- 1 gallon (3.78 L) water
- 1/2 pound (3/4 cup/180 ml) maple syrup 10 ounces (282 g) brown sugar
- 0.15-0.20 ounce (around 4.2-6.0 g)
- dry hop flowers (I used Cascade hops with 5 percent IBU)
- Yeast (beer yeast or wild yeast)
- Mix the water, maple syrup, and brown sugar in a large pot. Bring the solution to a boil and immediately add 0.05 ounce (1.4 g) of hop flowers. Let it boil for 30 minutes, then add another 0.05 ounce; boil for 20 minutes more and add the remaining hops. Boil for a final 10 minutes (for a 60-minute boil in all).
- Remove the pot from the heat and place it in cold water. Cool to 70 degrees Fahrenheit (21 degrees Celsius), then add the yeast (wild or commercial). If I’m using a wild yeast starter, I usually use 1/2 to 3/4 cup (120-180 ml) of liquid.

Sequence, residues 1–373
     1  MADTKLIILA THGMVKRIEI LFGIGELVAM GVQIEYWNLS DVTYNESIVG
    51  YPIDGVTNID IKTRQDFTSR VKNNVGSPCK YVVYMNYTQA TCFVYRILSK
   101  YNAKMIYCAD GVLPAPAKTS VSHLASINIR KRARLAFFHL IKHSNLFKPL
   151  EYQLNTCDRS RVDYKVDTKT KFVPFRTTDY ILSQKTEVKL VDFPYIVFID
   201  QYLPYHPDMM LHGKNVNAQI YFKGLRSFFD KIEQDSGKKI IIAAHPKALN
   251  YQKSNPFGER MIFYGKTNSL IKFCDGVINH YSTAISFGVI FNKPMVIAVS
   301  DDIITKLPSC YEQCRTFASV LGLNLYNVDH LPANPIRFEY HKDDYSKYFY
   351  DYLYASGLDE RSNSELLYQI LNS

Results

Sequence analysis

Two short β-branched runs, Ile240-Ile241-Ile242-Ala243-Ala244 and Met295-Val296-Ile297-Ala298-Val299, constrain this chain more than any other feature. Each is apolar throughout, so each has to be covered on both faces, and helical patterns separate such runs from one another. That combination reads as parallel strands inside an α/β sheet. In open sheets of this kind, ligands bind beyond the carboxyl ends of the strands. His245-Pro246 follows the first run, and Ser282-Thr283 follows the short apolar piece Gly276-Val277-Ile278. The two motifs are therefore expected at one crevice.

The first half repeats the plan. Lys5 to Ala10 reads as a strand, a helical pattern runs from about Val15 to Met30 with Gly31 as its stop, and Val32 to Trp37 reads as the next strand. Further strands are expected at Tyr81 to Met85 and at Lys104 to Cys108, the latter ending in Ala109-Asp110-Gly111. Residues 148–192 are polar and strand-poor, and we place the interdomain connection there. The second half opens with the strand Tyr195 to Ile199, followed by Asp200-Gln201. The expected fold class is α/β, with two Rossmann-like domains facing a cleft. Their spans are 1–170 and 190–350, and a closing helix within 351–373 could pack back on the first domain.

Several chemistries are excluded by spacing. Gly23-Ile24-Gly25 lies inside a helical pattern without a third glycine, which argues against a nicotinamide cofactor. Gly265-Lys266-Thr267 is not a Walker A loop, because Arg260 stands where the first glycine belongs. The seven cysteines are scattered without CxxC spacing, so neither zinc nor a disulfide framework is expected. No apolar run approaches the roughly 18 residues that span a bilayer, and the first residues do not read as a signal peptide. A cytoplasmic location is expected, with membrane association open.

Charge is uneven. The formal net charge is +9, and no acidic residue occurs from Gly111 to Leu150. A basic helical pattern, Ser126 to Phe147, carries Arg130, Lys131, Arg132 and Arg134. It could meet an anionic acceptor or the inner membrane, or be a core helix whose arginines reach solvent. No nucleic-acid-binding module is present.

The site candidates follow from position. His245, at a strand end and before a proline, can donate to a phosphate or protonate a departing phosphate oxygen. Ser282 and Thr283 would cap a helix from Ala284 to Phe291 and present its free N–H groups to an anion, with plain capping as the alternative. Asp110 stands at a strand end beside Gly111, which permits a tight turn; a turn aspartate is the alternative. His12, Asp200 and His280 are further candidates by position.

- Strain the brew into the fermenter. Position the air-lock or cover your fermenter with a paper towel or cheesecloth. Let the brew ferment for 10 days. Start counting when the fermentation is active (this may take 2 to 3 days with a wild yeast starter).
- Siphon into 16-ounce (473 ml) swing-top beer bottles (you’ll need seven bottles) and prime each one with 1/2 teaspoon (2 g) white or brown sugar for carbonation. Close the bottles and store in a place that’s not too hot. The beer will be ready to drink in 3 to 4 weeks.
Notes: As a rough guideline, if you use hop pellets instead of dry flowers, reduce the amount a tiny bit (around 5 to 10 percent) to achieve the same level of bitterness. So instead of using 0.15 ounce (4.2 g) of dry flowers, you would use around 0.13 ounce (3.7 g) of hop pellets. Also, you can make this recipe without the maple syrup by substituting 1-1/4 pounds (567 g) brown sugar or 1 pound (454 g) dry malt extract, then doing a full fermentation and proper priming to achieve the right carbonation.
From The Wildcrafting Brewer by Pascal Baudar, © 2018 by Pascal Baudar. Reprinted by arrangement with Chelsea Green Publishing, White River Junction, VT.